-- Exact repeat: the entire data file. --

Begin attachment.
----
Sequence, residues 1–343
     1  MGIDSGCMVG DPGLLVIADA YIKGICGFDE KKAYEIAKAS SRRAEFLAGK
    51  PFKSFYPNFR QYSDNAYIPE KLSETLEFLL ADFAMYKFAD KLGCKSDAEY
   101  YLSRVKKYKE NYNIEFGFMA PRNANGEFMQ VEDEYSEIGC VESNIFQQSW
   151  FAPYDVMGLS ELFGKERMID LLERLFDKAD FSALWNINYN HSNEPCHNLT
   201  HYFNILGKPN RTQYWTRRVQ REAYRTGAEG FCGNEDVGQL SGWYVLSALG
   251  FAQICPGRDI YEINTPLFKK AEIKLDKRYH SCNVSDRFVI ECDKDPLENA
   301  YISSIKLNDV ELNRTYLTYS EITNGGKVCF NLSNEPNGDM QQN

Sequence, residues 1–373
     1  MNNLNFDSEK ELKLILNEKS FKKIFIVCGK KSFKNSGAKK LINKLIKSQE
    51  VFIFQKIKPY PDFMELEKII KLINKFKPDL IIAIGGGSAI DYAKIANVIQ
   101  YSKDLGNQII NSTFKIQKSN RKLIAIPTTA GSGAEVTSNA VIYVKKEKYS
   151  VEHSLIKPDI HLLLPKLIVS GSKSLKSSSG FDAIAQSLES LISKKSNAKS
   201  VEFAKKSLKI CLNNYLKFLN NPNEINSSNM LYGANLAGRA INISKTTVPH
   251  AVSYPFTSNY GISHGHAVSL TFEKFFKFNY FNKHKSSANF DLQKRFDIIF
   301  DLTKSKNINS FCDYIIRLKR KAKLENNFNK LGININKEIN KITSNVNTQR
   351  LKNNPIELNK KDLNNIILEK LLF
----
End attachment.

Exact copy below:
Sequence, residues 1–343
     1  MGIDSGCMVG DPGLLVIADA YIKGICGFDE KKAYEIAKAS SRRAEFLAGK
    51  PFKSFYPNFR QYSDNAYIPE KLSETLEFLL ADFAMYKFAD KLGCKSDAEY
   101  YLSRVKKYKE NYNIEFGFMA PRNANGEFMQ VEDEYSEIGC VESNIFQQSW
   151  FAPYDVMGLS ELFGKERMID LLERLFDKAD FSALWNINYN HSNEPCHNLT
   201  HYFNILGKPN RTQYWTRRVQ REAYRTGAEG FCGNEDVGQL SGWYVLSALG
   251  FAQICPGRDI YEINTPLFKK AEIKLDKRYH SCNVSDRFVI ECDKDPLENA
   301  YISSIKLNDV ELNRTYLTYS EITNGGKVCF NLSNEPNGDM QQN

Sequence, residues 1–373
     1  MNNLNFDSEK ELKLILNEKS FKKIFIVCGK KSFKNSGAKK LINKLIKSQE
    51  VFIFQKIKPY PDFMELEKII KLINKFKPDL IIAIGGGSAI DYAKIANVIQ
   101  YSKDLGNQII NSTFKIQKSN RKLIAIPTTA GSGAEVTSNA VIYVKKEKYS
   151  VEHSLIKPDI HLLLPKLIVS GSKSLKSSSG FDAIAQSLES LISKKSNAKS
   201  VEFAKKSLKI CLNNYLKFLN NPNEINSSNM LYGANLAGRA INISKTTVPH
   251  AVSYPFTSNY GISHGHAVSL TFEKFFKFNY FNKHKSSANF DLQKRFDIIF
   301  DLTKSKNINS FCDYIIRLKR KAKLENNFNK LGININKEIN KITSNVNTQR
   351  LKNNPIELNK KDLNNIILEK LLF